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Nebraska...Our Towns

The Duff Grain Company and Elevator along the railroad track in Upland was a primary business in the community. The building at the front advertises Fairbanks Standard Scales.
The lagoo that formed in the middle of the main street when the rains came...
Upland, main street looking north (above).
Our town today looking south (below).


Upland, located in northern Franklin County between Campbell and Hildreth, is higher in elevation than either town, hence its name "Upland." In 1894 it was the last village in the county to be formally incorporated.

Previous to Upland's founding, there were several attempts to "make a town" in the area. Most notably was H.O. Hendrick's attempt to establish a town called "Orange" a few miles east of Upland.

The town site was acquired from the Lincoln Land Company in 1886. The following year post office from near-by moved to the new site and adopted the name "Upland." A very modern post office, dedicated in 1965, now serves our community.

Upland was settled largely by Germans, Danes, Swedes, and a few French. The village grew rapidly as European immigrants settled among their own ethnic groups. The population reached some 500 people in the 1912, with a present population of about 200.

In the early days, the town site lay in a lagoon bed. Often large flocks of water fowl, migrating to and from their nesting grounds, "settled down" and provided great sport for the residents.

Churches hold a prominent place in Upland's history. At one time there were Congregational, United Brethern, Pilgrim Holiness, Methodist, and Lutheran congregations. Presently, the Lutheran and Methodist churches serve the community.

A cemetery was established in late 1889. Cemetary records have recently been compiled and a shelter for this directory was constructed in 1983.

A dugout school, located about a mile east of the town, was in operation when the railroad was built. Soon after that, a schoolhouse was built in town which served the community until 1914 when a new brick school was built. Since then Upland school has merged with the Minden school district.

A blacksmith shop, well drillers, and implement dealers were the earliest businesses. In addition to the usual stores, saloons and banks, Upland had a thriving stockyards. News was printed in the "Upland Eagle" from the late 1800s until it was purchased by the "Franklin County Sentinel" in 1940.

Windmills provided water for the townspeople until an underground cistern was dug and a large tank installed in the building that houses the pump, local jail, and city hall. There is now a standpipe for city water, and a state-approved sewer system.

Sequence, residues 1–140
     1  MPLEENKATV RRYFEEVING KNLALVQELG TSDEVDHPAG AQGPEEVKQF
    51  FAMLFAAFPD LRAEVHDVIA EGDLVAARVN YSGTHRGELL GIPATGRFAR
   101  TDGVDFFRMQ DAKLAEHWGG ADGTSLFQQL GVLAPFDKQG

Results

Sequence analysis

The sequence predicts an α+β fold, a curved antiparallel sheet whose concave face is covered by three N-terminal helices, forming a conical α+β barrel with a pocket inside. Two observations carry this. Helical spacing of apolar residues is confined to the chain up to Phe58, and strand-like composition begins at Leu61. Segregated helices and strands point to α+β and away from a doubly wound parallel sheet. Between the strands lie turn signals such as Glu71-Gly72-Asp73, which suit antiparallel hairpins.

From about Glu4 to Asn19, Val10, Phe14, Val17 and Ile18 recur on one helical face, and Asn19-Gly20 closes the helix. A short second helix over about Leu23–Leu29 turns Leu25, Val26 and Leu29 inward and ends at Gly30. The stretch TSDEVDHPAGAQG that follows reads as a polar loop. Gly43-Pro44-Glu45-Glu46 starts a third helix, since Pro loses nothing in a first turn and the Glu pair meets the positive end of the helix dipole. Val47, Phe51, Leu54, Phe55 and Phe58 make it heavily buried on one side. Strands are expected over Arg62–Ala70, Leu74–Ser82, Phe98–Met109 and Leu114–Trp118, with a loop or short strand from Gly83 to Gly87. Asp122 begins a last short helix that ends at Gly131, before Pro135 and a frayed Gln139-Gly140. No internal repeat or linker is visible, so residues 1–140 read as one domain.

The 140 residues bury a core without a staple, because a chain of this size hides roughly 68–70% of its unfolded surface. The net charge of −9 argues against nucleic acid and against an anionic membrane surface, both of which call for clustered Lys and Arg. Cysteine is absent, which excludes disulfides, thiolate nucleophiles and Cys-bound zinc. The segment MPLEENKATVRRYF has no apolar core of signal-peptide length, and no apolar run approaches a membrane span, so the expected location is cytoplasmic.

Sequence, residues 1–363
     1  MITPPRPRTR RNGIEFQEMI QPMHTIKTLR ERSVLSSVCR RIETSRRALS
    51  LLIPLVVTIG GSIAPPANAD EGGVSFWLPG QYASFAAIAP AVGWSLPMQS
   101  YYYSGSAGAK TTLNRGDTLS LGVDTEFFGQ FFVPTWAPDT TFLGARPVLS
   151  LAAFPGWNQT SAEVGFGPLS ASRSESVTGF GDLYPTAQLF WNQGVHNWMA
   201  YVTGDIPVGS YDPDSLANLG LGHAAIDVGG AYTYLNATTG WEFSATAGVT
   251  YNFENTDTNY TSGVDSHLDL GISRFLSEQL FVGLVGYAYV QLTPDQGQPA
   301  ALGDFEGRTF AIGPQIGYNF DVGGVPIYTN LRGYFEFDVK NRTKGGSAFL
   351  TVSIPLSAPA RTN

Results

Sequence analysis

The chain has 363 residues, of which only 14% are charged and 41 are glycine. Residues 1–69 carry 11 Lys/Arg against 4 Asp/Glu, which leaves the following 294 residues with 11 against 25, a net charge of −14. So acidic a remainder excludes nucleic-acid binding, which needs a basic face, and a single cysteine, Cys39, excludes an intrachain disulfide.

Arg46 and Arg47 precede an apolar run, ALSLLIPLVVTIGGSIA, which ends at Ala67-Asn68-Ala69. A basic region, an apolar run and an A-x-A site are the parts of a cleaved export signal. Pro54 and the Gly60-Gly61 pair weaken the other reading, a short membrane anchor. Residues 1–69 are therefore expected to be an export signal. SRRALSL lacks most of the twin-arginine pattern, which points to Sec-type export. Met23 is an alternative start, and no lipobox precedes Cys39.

The land company donated several lots for the city park named for its caretaker, Jens Iversen. During the "dry thirties" the trees all died out, so it was made into a ball park. Later a community park was established on Main Street. The original jail has been restored and is now situated in a mini-park on the west side of Main.

When cars became the mode of travel, the old hitching posts in town were removed. Streets were first graveled, then hard surfaced. Street lights first turned on in Upland in 1918. In 1948 the switch was thrown to bring R.E.A. power to the community and the surrounding area.

Many doctors and a few dentists have taken care of our citizens over the years. We now have good ambulance service in connection with the volunteer fire department, with trained personnel to administer first aid.

Our town lost population during the Depression years when people left the community in search of work. In those years, the Gilgen brothers put an irrigation well on their farm east of town, which created much interest. Many farmers followed suit, so their farms were no longer completely dependent on rainfall for crops. Irrigation now plays a very important role in agriculture.

Through the years an annual Corn Show, May Day, and a community Christmas tree topped the list of events. Social events currently center around the churches, clubs, lodge, and the American Legion Post and auxiliary. The annual alumni banquet held during the Memorial Day weekend is presently the "big event." Many graduates of Upland High School from far and near return to the community and enjoy the fellowship with former classmates and reminiscing about "the good old days."

Compiled by the Bicentennial Historical Committee: Karla Meiner, Ruby Raber, Dora Gramke, Margaret Ackerman, and Donna Belle Dallman.


ADDITIONAL MATERIAL: Upland History available at Franklin County Library, State Historical Society, and Minden Public Schools; "Complete Cemetery Records of Upland" with genealogical information available at Village office, and Upland Bank; Cemetery Directory at NSHS and Franklin County Historical Society.